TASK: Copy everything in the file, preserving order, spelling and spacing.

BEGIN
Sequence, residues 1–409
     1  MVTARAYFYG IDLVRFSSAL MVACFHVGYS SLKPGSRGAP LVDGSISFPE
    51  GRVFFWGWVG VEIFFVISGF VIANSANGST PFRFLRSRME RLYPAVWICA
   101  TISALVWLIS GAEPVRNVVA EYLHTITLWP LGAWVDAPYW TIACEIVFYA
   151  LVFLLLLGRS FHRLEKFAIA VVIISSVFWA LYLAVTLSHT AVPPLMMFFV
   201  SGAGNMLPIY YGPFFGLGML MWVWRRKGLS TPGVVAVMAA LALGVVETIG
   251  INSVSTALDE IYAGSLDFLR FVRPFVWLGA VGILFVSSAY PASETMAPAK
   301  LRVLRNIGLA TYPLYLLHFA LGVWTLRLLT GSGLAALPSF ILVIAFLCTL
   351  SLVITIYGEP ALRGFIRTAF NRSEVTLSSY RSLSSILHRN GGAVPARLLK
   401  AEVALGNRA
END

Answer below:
Sequence, residues 1–409
     1  MVTARAYFYG IDLVRFSSAL MVACFHVGYS SLKPGSRGAP LVDGSISFPE
    51  GRVFFWGWVG VEIFFVISGF VIANSANGST PFRFLRSRME RLYPAVWICA
   101  TISALVWLIS GAEPVRNVVA EYLHTITLWP LGAWVDAPYW TIACEIVFYA
   151  LVFLLLLGRS FHRLEKFAIA VVIISSVFWA LYLAVTLSHT AVPPLMMFFV
   201  SGAGNMLPIY YGPFFGLGML MWVWRRKGLS TPGVVAVMAA LALGVVETIG
   251  INSVSTALDE IYAGSLDFLR FVRPFVWLGA VGILFVSSAY PASETMAPAK
   301  LRVLRNIGLA TYPLYLLHFA LGVWTLRLLT GSGLAALPSF ILVIAFLCTL
   351  SLVITIYGEP ALRGFIRTAF NRSEVTLSSY RSLSSILHRN GGAVPARLLK
   401  AEVALGNRA